Mar 13, 2013
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Does all the excitement about super-advanced smartphones and tablets sound the death knell for low-end phones? Well, not exactly. CNET’s Jessica Dolcourt reported at last month’s Mobile World Congress (MWC) that “There were a few superphones…but for the most part, it was budget-friendly fare that hogged the spotlight.”
Despite the low margins in the “affordable” phone market, there’s still plenty of gold in them thar hills. With only one-third of the world now connected to the Internet, there’s tremendous opportunity ahead for the mobile industry.
Over the next five years or so, the next two billion mobile connections will come from emerging countries, where customers tend to be more price sensitive than their counterparts in the developed world. So what’s the best way to reach them? That was the topic of a C-level panel at MWC, where Mozilla CEO Gary Kovacs noted that many of these new mobile adopters could be experiencing the Internet for the first time via their mobile devices. (Check out our interview with Mozilla’s VP of engineering talking about the new Firefox OS here.)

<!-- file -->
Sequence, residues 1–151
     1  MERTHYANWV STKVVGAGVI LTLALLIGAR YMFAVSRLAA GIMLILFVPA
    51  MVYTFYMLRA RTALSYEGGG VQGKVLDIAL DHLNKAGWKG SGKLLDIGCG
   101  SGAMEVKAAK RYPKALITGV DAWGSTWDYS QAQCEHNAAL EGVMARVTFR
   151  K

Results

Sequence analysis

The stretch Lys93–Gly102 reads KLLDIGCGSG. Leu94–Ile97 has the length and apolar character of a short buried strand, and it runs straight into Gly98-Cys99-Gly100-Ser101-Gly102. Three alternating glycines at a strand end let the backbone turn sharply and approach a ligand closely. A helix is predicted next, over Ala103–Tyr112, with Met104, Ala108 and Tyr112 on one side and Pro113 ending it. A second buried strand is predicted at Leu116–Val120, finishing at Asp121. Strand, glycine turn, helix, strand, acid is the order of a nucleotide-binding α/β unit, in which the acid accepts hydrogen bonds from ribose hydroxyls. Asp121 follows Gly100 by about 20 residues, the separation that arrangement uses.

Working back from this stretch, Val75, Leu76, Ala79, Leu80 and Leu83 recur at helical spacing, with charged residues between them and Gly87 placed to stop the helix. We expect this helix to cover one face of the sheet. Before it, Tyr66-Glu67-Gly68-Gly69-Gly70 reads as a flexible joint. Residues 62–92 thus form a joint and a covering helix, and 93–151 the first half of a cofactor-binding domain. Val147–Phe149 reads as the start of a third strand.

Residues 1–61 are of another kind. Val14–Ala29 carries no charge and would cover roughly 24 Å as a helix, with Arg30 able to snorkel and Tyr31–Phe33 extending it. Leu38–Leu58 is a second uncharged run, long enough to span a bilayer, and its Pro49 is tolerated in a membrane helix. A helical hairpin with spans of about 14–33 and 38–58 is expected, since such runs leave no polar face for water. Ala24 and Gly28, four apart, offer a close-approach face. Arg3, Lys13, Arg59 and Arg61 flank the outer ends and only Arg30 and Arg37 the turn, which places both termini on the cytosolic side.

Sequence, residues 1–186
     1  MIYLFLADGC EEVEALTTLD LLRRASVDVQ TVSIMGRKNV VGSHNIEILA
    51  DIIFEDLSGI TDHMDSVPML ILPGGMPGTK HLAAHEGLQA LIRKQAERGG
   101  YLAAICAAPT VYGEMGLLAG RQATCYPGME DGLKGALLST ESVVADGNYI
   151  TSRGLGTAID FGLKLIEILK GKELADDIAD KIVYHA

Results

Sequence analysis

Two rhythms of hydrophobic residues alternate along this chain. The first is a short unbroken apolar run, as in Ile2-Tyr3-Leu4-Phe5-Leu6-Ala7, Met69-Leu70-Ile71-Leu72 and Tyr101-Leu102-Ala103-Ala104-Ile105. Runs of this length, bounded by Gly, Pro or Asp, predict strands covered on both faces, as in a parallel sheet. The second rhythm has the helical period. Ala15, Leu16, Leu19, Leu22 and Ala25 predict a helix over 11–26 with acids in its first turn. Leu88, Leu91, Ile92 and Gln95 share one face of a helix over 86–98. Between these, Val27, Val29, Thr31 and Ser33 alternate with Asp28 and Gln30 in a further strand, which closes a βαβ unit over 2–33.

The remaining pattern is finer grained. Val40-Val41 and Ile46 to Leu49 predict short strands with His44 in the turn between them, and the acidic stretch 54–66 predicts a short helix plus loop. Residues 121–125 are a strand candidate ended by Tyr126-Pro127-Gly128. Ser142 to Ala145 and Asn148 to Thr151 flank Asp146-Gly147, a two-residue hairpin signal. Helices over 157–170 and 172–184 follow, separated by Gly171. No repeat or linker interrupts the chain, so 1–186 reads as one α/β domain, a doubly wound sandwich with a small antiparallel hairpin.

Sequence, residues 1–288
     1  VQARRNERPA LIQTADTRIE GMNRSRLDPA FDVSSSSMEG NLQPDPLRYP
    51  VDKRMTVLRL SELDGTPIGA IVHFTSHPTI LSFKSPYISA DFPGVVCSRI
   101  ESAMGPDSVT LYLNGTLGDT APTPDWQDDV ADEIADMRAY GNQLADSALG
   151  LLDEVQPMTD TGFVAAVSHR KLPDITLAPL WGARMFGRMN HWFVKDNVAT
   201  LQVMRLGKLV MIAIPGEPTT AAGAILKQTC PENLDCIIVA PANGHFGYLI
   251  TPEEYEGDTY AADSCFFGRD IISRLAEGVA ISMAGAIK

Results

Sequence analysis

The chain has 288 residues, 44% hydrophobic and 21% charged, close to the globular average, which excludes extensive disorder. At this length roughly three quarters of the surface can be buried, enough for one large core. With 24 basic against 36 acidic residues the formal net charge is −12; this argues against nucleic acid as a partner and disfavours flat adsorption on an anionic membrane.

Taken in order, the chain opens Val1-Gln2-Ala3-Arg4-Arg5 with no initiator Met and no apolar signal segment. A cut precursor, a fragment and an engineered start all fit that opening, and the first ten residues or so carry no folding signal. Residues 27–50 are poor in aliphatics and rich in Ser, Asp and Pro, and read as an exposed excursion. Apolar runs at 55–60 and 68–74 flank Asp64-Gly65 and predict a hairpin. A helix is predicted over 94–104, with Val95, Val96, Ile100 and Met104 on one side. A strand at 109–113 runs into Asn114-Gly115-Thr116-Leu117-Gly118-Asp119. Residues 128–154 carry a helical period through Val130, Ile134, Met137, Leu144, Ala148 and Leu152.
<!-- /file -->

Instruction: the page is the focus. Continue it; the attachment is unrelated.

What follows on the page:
But will that massive migration to the mobile Internet come from users with high-end feature phones or low-end smartphones? Basically, the lines between the two are blurring. Part of Nokia’s strategy, as articulated by CEO Stephen Elop, is to “bring the Internet to emerging markets via basic phones that offer a lot of features.” For example, Nokia’s low-end phones (such as the Nokia 105) have the Xpress browser, a cloud-based Internet service that runs faster than traditional browsers and consumes less data by offering a stripped-down version of the Web.
On the other hand, there’s nothing to prevent the mighty smartphone from tiering downward, eventually becoming a mass-market device. That message was delivered by Manoj Kohli, CEO of Bharti Airtel, a major network operator in India, Sri Lanka, Bangladesh and 16 countries in Africa. Speaking at the MWC panel, Kohli argued that “Smartphone adoption is key to bringing people to the Internet,” calling on device manufacturers to provide $30 price points for smartphones.
Smartphone shipments are expected to overtake feature phone shipments this year, and some argue that all phones will eventually be smartphones. For now, though, putting the debate about the type of device aside, the expectation is that affordable phones will drive the next level of growth for the mobile Internet.